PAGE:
Kate Gales | Thursday, February 23, 2006
When do parents stop being the enemy and start to become friends?
Maybe it’s the fact that I don’t live at home for nine months out of the year now. Maybe it has something to do with the fact that we talk on the phone everyday, or that I’m just getting older. Maybe my stories of Notre Dame bring back my parents’ memories of their time here.
Or, as one friend put it, it’s when you stop fighting with your parents, and start planning events to drink with them.
Whatever it is, JPW marked a change in my relationship with my parents. There is really nothing like introducing your parents to your life in college. It’s not a hectic football weekend, with the band playing at every turn and NDSP roaming the parking lots around the stadium armed with breathalyzers. It’s not a weepy Frosh-O goodbye or a frantic end-of-the-semester packing debacle.
For the first time, I had a weekend with nothing to do but enjoy the company of my parents. In some ways, it was a lot like other times here with my friends. But instead of a circle of girls dancing to “Livin’ on a Prayer,” it was my dad. Instead of running to DeBartolo in the clothes I slept in the night before, my parents accompanied me to meetings with my professors. Replace Fajita Friday at NDH with a banquet for 1,000 other juniors on the ice rink, and you have the Saturday night dinner.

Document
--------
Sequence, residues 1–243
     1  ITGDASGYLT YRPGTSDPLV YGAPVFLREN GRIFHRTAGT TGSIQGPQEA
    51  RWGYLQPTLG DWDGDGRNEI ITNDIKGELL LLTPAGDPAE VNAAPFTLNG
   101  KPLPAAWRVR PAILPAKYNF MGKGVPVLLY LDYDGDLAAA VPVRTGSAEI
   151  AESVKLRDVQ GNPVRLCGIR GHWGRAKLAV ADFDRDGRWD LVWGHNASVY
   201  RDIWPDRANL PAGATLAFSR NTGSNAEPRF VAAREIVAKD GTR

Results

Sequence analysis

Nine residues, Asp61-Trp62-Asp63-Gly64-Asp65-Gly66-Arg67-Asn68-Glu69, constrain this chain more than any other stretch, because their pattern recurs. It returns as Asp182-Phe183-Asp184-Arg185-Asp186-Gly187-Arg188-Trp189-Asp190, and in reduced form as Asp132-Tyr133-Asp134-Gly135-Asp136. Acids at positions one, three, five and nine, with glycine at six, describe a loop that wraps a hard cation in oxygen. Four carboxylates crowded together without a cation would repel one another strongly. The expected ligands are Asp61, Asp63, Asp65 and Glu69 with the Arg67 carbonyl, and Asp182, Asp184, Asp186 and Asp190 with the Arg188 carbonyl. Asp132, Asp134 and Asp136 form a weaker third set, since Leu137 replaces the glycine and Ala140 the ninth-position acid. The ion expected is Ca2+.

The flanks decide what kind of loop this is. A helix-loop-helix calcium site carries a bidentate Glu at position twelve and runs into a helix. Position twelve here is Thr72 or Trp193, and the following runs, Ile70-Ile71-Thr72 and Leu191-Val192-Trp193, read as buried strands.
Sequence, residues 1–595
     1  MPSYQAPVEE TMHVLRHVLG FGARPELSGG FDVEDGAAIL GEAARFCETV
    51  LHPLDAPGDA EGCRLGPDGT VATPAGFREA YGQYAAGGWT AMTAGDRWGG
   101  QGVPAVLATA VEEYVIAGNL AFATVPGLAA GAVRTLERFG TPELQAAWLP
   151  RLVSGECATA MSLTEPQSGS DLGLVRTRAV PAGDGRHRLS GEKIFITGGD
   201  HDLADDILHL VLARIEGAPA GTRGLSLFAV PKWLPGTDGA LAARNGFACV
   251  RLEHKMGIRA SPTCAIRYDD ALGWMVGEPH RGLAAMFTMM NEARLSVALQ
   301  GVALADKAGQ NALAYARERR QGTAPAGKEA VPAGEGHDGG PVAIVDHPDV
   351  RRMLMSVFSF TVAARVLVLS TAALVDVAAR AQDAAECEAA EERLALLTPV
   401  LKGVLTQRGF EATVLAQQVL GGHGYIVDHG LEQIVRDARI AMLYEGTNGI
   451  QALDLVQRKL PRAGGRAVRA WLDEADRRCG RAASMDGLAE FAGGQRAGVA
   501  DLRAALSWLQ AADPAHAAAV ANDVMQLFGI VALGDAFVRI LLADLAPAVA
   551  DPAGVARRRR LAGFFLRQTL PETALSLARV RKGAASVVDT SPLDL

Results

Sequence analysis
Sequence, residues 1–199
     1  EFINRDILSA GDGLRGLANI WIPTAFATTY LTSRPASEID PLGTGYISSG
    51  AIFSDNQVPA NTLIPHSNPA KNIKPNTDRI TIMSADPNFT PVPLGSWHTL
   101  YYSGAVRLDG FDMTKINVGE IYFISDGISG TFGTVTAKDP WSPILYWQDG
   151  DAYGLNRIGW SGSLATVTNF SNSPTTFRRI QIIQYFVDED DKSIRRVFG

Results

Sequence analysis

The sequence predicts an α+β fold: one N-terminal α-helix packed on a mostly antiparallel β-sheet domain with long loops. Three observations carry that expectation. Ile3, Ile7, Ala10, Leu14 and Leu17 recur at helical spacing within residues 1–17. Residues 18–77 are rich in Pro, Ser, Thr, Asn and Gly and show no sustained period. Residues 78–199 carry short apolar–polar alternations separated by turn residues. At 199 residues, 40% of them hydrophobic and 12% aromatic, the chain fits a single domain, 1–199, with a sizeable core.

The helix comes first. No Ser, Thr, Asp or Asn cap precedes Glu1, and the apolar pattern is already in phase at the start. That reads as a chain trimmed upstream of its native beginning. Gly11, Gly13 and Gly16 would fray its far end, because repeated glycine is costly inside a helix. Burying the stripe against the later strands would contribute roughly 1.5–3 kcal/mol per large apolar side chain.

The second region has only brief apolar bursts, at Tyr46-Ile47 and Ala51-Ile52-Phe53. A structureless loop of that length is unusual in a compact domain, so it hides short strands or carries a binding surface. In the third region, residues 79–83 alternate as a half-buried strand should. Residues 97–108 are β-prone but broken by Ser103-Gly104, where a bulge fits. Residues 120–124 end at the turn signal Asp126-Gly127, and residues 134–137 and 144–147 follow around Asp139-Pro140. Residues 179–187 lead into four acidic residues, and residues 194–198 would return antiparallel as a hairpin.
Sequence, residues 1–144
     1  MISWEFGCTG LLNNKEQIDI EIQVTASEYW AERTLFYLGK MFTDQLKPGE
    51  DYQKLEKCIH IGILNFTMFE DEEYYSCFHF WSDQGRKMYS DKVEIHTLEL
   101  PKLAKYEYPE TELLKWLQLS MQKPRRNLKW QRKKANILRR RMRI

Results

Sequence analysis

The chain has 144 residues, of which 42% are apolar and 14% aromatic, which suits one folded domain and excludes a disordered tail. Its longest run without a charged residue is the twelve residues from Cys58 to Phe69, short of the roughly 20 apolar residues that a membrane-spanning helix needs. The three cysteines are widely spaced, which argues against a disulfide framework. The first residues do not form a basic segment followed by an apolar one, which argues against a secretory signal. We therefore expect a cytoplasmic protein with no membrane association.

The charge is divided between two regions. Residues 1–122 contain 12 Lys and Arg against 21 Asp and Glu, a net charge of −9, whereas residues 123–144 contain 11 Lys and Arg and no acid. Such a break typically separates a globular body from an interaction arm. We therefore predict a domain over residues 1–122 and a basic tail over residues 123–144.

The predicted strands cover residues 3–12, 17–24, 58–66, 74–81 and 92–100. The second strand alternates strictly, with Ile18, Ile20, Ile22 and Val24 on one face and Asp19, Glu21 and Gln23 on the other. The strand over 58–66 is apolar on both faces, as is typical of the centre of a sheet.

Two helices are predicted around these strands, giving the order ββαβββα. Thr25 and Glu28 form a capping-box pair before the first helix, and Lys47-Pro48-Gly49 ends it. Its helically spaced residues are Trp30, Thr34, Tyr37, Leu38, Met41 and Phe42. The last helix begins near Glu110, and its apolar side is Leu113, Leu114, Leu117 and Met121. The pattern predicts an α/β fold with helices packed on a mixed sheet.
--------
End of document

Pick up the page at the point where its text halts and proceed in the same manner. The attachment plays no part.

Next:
In addition to meeting my friends, my parents also had the opportunity to interact with the parents of my friends. Some were familiar faces from tailgating the last few years; some were total strangers. Thrown together at a Saturday night party with nothing in common but tuition bills, my parents made conversation about everything from trips to Spain to trips to Mitchell, South Dakota. They cut moves on the dance floor, took pictures and beat me in college football trivia.
When my parents pulled away from Cavanaugh after the Sunday brunch, it felt a lot like Aug. 2003. But this time, they weren’t abandoning me to a scary world of strangers who all had 4.0’s in high school. They had made friends with my friends. It wasn’t the worlds-colliding experience I had expected – instead, it brought together my family from home and the family I made here.
So thank you, Notre Dame, for giving us a weekend to appreciate our changing relationships with our parents. Thank you, friends, for your discretion around my family (joking, Dad, seriously). Thank you, parents of my friends, for your amusing dance moves (specifically, Mrs. Davenport and Mr. Jackson). But most of all, thank you, Mom and Dad. Not just for the groceries and the non-dining-hall dinners, but for making the trip out here. That’s what parents do, I guess. But it’s also what friends are for. And it’s fun being friends as well as family.